Jay Craven offers his take on the Middlebury film fest
This year’s edition of the Middlebury New Filmmakers Festival unfolds from Aug. 23-26 and it’s shaping up to provide even more of what we’ve enjoyed presenting during our first three years. We’ll screen 106 films by first- and second-time filmmakers from Vermont and around the world.
Several of this year’s films communicate themes that especially resonate now. “Yasuni Man” takes us into Amazonian Ecuador, the world’s most bio-diverse forest, where the Waorani, an indigenous Amazonian tribe are plagued by deception, exploitation and murder. In today’s accelerated world of mass media and consumption, it’s nothing short of stunning to see people living isolated and disconnected from technology.
Tom Herman’s “Dateline: Saigon” (pictured, right) reaches back to the Vietnam era, focusing on the work of five daring journalists whose reports and photographs challenged Washington’s official narrative. We’ve also programmed a retrospective look at the Academy Award-winning Vietnam documentary, “Hearts and Minds,” that included startling revelations through filmmaker Peter Davis’ penetrating interviews with LBJ advisor, Walt Rostow, former defense secretary Clark Clifford, General William Westmoreland and others.
We’ll carry this focus into a featured dialogue on documentary filmmaking as investigative journalism with Davis, Herman, two-time Academy Award nominee, Steve James, two-time Academy Award winner, Barbara Kopple and noted Pakistani documentary filmmaker Mo Naqvi.
On a lighter note, Dava Whisenant’s “Bathtubs Over Broadway” provides a hilarious look into the largely unknown world of the “corporate musical” where talented songwriters and choreographers plied their talents to stage all singing and dancing shows for companies like General Electric, Ford and Xerox. These spectacles boasted titles like “Lipton on the Move,” “Lucite, You and ’72” and “The Bathrooms are Coming.”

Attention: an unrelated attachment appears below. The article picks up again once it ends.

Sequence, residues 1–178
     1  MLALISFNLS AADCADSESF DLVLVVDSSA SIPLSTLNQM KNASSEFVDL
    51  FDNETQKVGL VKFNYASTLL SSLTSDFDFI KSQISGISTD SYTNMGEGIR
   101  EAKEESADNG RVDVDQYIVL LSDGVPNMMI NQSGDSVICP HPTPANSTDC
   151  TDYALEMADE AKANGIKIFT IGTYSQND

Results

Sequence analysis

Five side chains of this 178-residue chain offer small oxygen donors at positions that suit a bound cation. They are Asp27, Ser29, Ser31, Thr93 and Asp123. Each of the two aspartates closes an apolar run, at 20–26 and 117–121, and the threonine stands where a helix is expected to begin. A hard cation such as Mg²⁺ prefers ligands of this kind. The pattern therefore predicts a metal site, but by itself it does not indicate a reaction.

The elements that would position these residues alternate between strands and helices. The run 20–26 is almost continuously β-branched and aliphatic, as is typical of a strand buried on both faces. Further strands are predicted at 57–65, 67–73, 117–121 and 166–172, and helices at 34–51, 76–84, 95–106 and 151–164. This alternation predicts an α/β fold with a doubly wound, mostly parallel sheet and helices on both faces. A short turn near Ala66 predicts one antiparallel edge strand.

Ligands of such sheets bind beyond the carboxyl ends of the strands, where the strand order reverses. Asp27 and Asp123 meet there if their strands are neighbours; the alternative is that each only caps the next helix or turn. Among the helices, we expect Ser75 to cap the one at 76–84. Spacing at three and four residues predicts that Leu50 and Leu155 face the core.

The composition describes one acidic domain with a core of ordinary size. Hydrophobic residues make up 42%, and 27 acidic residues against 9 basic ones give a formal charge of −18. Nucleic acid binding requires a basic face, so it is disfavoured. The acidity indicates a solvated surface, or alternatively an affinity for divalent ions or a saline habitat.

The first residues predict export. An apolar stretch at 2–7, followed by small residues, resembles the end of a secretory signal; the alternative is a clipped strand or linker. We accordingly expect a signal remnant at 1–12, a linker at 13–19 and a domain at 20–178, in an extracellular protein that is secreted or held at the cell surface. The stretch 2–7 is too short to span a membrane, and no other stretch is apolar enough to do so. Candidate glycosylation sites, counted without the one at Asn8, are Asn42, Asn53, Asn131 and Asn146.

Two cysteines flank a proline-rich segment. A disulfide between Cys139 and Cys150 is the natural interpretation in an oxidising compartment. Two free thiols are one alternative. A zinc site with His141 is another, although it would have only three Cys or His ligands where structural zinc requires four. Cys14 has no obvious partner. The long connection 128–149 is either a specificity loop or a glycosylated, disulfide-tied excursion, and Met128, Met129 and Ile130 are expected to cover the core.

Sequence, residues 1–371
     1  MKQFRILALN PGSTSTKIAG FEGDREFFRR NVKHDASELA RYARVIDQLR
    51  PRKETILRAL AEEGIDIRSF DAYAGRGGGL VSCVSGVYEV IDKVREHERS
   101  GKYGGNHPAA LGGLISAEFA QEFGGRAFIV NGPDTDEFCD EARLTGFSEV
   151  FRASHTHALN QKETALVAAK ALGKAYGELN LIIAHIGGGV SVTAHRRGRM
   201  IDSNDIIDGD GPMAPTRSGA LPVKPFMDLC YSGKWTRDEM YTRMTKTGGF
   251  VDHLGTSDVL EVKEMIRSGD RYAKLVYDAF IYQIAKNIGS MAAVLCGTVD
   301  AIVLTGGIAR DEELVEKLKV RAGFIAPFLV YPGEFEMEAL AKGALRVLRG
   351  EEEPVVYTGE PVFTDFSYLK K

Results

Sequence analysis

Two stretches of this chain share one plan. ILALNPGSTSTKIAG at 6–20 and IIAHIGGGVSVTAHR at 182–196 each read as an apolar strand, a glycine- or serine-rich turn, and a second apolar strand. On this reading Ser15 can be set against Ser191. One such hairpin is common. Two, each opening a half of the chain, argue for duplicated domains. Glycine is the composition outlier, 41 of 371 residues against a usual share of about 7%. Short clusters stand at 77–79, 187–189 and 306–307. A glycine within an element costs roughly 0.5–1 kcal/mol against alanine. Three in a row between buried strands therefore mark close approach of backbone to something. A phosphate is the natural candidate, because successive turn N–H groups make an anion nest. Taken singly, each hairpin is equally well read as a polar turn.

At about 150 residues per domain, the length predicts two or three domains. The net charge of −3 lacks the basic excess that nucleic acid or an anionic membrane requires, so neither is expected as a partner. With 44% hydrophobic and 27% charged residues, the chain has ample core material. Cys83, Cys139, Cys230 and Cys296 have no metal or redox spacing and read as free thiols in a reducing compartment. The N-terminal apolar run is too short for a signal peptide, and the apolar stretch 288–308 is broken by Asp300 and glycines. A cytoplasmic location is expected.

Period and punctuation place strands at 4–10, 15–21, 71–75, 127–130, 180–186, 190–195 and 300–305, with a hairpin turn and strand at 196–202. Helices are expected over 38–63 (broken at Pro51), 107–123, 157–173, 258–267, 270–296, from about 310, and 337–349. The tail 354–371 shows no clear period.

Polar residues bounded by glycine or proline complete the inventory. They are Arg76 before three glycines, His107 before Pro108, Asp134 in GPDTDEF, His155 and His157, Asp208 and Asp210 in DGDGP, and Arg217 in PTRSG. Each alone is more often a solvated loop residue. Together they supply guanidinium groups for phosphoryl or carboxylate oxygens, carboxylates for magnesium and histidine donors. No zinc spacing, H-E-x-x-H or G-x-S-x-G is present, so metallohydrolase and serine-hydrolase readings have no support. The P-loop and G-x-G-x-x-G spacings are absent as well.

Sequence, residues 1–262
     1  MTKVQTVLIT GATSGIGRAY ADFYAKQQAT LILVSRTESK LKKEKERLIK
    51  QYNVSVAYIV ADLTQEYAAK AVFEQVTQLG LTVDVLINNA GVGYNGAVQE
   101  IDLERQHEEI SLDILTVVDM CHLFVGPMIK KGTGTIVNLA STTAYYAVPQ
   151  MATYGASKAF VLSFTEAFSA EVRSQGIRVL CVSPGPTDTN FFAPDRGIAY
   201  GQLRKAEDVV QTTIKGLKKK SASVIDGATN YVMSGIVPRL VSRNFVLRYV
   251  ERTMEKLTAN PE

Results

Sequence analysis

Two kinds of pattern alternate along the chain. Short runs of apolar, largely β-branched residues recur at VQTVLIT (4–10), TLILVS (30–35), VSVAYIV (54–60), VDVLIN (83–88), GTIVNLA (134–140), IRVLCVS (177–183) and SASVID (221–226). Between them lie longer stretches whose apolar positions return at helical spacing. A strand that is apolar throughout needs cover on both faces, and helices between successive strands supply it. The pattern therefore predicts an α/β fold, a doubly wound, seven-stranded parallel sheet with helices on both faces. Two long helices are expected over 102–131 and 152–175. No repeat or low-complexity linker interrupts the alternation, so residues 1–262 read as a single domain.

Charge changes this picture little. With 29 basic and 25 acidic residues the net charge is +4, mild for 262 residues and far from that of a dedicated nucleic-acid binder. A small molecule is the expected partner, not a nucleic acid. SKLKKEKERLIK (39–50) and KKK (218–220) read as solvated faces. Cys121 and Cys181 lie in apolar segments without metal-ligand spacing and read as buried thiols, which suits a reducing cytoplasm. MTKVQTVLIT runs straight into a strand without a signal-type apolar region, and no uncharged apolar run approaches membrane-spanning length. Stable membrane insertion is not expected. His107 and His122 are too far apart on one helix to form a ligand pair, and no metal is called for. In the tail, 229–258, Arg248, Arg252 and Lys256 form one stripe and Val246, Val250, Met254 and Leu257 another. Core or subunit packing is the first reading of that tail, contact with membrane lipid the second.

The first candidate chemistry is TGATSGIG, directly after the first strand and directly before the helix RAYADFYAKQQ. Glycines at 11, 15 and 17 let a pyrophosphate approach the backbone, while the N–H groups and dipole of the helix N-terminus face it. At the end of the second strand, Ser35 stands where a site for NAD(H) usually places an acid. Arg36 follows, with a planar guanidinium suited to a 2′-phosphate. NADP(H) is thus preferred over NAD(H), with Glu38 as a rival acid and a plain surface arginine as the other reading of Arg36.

A SCENE FROM “Bathtubs over Broadway.” We’ll continue our tradition of paying tribute to special guests who have made a substantial impact on American and international film culture. Among this year’s honorees are the production designers, David and Sandy Wasco, who worked with me as designers for “Where the Rivers Flow North” and received the 2017 Academy Award for their work on Damien Chazelle’s popular musical, “La La Land” (pictured below).
David Wasco grew up in Bennington. I remain grateful for David and Sandy’s fertile imaginations and immense contribution to “Rivers.” When people remark about how fabulous a film looks, they usually mention the cinematography or the costumes. We rarely credit the production design that is responsible for everything we see on screen, from the color of the walls and wallpaper to the largest or tiniest prop, vehicle or animal.
Following the special “La La Land” screening, I’ll join David and Sandy on-stage to review their design plans and decisions for the film. They’ll show dozens of drawings and photos that take us behind-the-scenes on how this hugely ambitious picture developed.
The Middlebury New Filmmakers Festival promises something for nearly everyone. The festival also provides a rare chance to get the inside scoop on what it takes to follow a dream to its realization, despite and maybe even because of all of the challenges that crop up along the way.
More information and ticket details are available at middfilmfest.org.
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